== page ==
"We have a plan to withdraw from Iraq, while Mr Howard doesn't" — with these words on October 14, ALP leader Kevin Rudd described the war on Iraq as one of five "critical areas where the difference [between Labor and the Coalition] couldn't be clearer". He then went on to virtually ignore the Iraq war throughout the rest of the election campaign.
True, Rudd did utter the words "I will implement an exit strategy for our combat forces from Iraq" in his opening address to the October 21 "great debate" between PM John Howard and Rudd. He was then silent on the topic until ABC journalist Chris Uhlmann asked Howard about "terrorism" towards the end of the 90-minute debate.
Unsurprisingly, despite the fact that it was repeated twice, Howard declined to answer Uhlmann's question about whether "terrorism" had increased or decreased since the Iraq invasion. Rudd used the opportunity to criticise Howard's original decision to invade Iraq but then reinforced the rationale behind Howard's war policy with the statement that we should take "a hardline approach in dealing with terrorism".
Rudd did not elaborate on Labor's plans to withdraw troops.
Uhlmann then asked Rudd when he would withdraw "all" of Australia's troops from Iraq. Rudd responded with an outline of some of the qualifications involved in Labor's Iraq war policy: that "combat" troops (only one third of Australian troops in Iraq) would be withdrawn, that this would be a staged withdrawal after another rotation of troops next year, in consultation with the US and "our allies".
Rudd has followed the same script throughout the rest of the election campaign in relation to the war. He would mention the war, as an example of difference between Labor and the Coalition, and when questioned outlined Labor's heavily qualified troop withdrawal policy. However, he has refused to campaign hard on this issue.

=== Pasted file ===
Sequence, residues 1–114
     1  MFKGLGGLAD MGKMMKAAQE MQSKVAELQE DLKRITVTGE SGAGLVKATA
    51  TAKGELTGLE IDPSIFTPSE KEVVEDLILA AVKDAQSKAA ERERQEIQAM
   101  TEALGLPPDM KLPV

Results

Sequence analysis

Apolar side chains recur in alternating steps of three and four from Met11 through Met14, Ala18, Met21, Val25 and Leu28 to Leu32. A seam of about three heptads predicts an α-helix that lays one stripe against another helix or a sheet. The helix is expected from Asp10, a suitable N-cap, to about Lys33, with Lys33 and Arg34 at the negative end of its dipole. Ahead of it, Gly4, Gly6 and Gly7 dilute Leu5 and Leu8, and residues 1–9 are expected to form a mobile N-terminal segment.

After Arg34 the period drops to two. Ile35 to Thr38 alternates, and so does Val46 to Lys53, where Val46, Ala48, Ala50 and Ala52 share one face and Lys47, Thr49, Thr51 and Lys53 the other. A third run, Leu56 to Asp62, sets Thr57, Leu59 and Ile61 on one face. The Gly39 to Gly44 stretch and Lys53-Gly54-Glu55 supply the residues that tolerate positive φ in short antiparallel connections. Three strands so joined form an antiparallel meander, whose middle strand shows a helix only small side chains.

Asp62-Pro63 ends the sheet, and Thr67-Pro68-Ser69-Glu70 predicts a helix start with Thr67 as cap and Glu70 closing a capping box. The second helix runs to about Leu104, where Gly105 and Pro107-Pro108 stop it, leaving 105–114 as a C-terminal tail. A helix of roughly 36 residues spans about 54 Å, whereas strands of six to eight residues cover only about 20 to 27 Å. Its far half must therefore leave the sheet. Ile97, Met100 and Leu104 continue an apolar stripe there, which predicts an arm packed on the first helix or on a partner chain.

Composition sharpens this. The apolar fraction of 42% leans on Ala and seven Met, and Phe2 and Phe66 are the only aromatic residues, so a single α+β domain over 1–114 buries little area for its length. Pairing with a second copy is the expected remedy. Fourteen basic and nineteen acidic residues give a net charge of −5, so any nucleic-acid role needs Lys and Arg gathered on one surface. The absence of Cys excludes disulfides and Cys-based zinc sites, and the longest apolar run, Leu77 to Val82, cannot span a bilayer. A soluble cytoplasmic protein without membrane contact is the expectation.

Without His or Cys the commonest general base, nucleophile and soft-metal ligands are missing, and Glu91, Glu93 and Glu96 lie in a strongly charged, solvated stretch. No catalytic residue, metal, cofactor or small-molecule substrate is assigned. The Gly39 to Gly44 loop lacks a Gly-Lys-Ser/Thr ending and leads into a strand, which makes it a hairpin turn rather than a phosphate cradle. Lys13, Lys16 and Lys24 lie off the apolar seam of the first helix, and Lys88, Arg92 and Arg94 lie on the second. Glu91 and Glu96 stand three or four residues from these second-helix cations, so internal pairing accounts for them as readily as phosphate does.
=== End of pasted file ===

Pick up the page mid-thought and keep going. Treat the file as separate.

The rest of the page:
It is not surprising that the Howard government has avoided campaigning in favour of such an unpopular war. However, why has the ALP not made more of the issue?
In the context of overwhelming popular opposition to Australia's participation in the Iraq war, it is convenient for Rudd to create the impression that there is a big difference between the ALP and Coalition. However, if Rudd were to campaign hard on the war, the similarities between the two parties' positions, as distinct from the impression of difference, would be what stands out. As Mike Steketee wrote in the November 15 Australian, "in truth many of the differences are more points of emphasis than radical new approaches ... but it is the perceptions that count".
The Iraq war was discussed at the debate between foreign minister Alexander Downer and shadow minister Robert McClelland on November 15. McClelland argued that the war was a "humanitarian disaster" as well as a "strategic disaster" but hung his case around the proposition that Iraq had distracted the government from fighting "terrorism" in the Asia Pacific region. Thus Labor continued its approach of criticising the Howard government's tactics in the so-called "war on terror" while simultaneously supporting the rationale behind the war and thereby avoiding arguing the case against the war per se.
Labor's support for the US-Australia alliance and the "war on terror" means there is bipartisan support for the war in Afghanistan.
During the election period (as before), the anti-war movement and the progressive parties such as the Greens and the Socialist Alliance have campaigned against the wars in both Iraq and Afghanistan (notwithstanding the unfortunate comments on October 27 of prominent Greens Senate candidate Andrew Wilkie in support of the invasion of Afghanistan).
Internet-based campaign group GetUp has also launched a petition campaign against the Iraq war on November 13. "This issue must not simply slip away because our politicians would rather ignore it", wrote Louise Barry (who was injured in the 2005 London bombings) and Sam McMillan (whose husband died in Iraq) to the GetUp supporter's list.
Whichever government is elected, the anti-war movement will need to continue organising against the war in Afghanistan and against the ongoing occupation of Iraq. Initial protest actions are planned for December 9, with a major focus on mass protest rallies for March 16 to coincide with Palm Sunday and the fifth anniversary of the invasion of Iraq.
[Alex Bainbridge is a Socialist Alliance Senate candidate in NSW and was one of the key organisers of the "Stop Bush" protest during the APEC summit. For more information on getting involved in the anti-war movement visit http://www.stopwarcoalition.org, website of the Sydney Stop the War Coalition.]